Donald Johanson on Human Evolution in Tbilisi & his Discoveries

There are days of unexpected meetings that you instantly know you’ll remember many years ahead, if not forever. Today was that day for me… that evening, to be precise, where I was lucky enough to attend the pre-opening of the exhibition ‘Stone Age of Georgia’ at the Simon Janashia Museum in Tbilisi, and apart from a captivating exposition that strikes you with the age and magnitude of human history, I was able to grab Donald Johanson for an exclusive interview. Johanson is a famous American paleoanthropologist and the man behind numerous discoveries that have shaped our understanding of human history.

The exhibition opens to the public on September 27 and offers “a time flow of human evolution,” displaying the period of 1.77 million years in Georgia, starting with skulls found in Dmanisi (Kvemo Kartli) considered to be the oldest hominin fossils found in Eurasia and proving that the territory of Georgia was among the first locality of human dispersal out of Africa.

The exposition also showcases realistic reconstructions of early hominins and the Dmanisi paleoenvironment by world renowned paleoartists such as Elizabeth Daynes, John Gurche, Mauricio Anton and Rodolfo Nogueira.

The exhibition is to be held in the frames of the conference ‘100+25 years of Homo Erectus: Dmanisi and Beyond,’ happening in Tbilisi this week and focused on the emergence of Homo Erectus and its evolution history.  Two world famous palaeontologists, Donald Johanson and Michel Brunet, came to Georgia to speak at the conference- Johanson giving a lecture on Lucy, an almost complete skeleton of a 3.2 million year old Australopithecus afarensis which is considered to be the earliest ancestor of modern human, which he found together with Tom Gray in Hadar (Ethiopia) in 1974.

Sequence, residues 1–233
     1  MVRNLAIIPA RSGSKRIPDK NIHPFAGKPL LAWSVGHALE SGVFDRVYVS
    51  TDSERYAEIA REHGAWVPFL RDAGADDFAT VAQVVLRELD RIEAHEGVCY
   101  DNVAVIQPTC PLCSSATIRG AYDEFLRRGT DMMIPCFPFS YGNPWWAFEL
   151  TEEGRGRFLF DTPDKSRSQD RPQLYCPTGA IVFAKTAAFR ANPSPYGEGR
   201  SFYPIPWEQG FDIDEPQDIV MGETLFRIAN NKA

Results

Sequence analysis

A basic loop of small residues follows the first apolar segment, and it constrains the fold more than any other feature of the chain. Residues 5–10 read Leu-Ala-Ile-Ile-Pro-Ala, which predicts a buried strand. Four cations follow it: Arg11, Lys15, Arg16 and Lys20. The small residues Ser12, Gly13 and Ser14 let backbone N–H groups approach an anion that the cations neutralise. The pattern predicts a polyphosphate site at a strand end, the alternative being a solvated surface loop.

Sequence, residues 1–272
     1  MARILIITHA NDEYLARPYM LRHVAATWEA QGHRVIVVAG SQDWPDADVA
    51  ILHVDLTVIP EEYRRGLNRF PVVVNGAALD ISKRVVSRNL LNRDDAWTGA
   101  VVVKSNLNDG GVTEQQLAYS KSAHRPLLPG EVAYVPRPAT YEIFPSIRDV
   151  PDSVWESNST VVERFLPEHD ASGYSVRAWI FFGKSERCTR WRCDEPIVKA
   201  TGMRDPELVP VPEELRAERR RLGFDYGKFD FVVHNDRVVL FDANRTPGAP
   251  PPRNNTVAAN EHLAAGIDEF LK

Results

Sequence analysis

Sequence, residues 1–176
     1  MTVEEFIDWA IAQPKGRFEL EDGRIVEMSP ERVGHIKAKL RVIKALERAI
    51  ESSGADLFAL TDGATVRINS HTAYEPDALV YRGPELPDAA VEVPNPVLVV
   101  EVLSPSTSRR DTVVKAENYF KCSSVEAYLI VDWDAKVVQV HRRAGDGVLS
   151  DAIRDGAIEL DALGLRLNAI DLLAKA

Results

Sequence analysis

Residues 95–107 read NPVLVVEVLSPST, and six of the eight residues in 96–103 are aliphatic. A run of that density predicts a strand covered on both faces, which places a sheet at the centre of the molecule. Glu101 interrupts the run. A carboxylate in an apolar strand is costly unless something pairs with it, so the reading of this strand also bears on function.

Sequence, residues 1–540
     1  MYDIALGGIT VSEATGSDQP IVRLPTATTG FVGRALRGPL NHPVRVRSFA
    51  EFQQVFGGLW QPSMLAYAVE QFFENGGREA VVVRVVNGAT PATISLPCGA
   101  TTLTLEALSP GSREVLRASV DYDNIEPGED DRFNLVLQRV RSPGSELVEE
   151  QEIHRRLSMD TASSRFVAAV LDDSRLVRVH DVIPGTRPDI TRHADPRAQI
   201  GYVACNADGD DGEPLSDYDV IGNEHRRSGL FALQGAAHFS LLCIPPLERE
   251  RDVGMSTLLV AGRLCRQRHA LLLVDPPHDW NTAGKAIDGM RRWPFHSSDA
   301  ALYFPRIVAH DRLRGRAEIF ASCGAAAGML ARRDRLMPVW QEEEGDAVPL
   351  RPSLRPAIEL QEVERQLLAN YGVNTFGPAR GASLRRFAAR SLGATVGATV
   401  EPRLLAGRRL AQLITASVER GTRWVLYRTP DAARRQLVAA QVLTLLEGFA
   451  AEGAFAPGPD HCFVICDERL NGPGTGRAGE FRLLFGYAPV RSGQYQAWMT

So many people around the world are inspired by what you do. What inspired you personally to choose your profession?

Donald Johanson: I read a very small book when I was 13:  Man’s Place in Nature written by Thomas Henry Huxley. Huxley was a close friend of Charles Darwin and they often spoke about the idea of evolution and human evolution. When I read that book I was very excited by one idea; that humans and African Apes have a common ancestor. In that book Huxley said that someday somebody would discover a fossil of a human more ape-like or a fossil of an ape more human-like. And I thought, maybe I can do that….   

When you found Lucy, did you realize it would change the way we see our history and science?

You know, when I found her, I more excited to know that this was part of a skeleton. That it wasn’t just one bone or a piece of jaw. I didn’t really know how old she was, but I did know it was a new kind of human. And I was just so happy to see my dream there in front of me. It wasn’t until she came back with me to the United States that I really sat down and began to try to figure out what this was. But I knew it would be very important.

Can you tell us about the First Family discovery? (Editor’s Note: A collection of prehistoric teeth and bones discovered by Johanson and his team in Ethiopia)   

I know if the First Family discovery had been made before Lucy, it would have been more famous. Because it is very important. There are the remains of at least 13 or 15 individuals living in a group. We don’t know how or why they died. You can rarely tell from a fossil how or why the person died.

Do you think technological progress will assist further discoveries?

I think that the tools of scanning, imaging and dating, and understanding the sort of mechanics of how bones were built, help, but I don’t think we have a sea of methods for discoveries and I think we still have to go out and look. We have to excavate and hope to find them before they disappear.

Theoretically, if you had a way to scan the surface of the ground in very high resolution, with the light at the right angle, you might find something. But as it is, there’s no replacement for the eye. When it comes to understanding fossils, much of our work still relies on morphology and anatomy. So, at least in my lifetime, I don’t think there will be major changes.

Are there lots of discoveries ahead? Any suggestions for the young?

Yes! North of Ethiopia has to be explored, for example. But some young people will be working on the specimens that have been found to better understand their anatomy, so not everybody will be discovering; some people will need to be working in laboratories.  There’s still a lot of work to be done!

What about today’s exhibition?

I love the exhibition and I think it should be permanent. Georgia is very rich in archaeology and this is an extremely important exhibit that will draw people in all the time. There are children who’ll come to this with their teachers. The strength of it is that it’s not behind glass: you get a better sense, you can walk around the skulls. The reconstructions are excellent and based on good information from the past. It’s a big moment for the museum in conjunction with the symposium- very exciting!

By Nino Gugunishvili

23 September 2016 09:20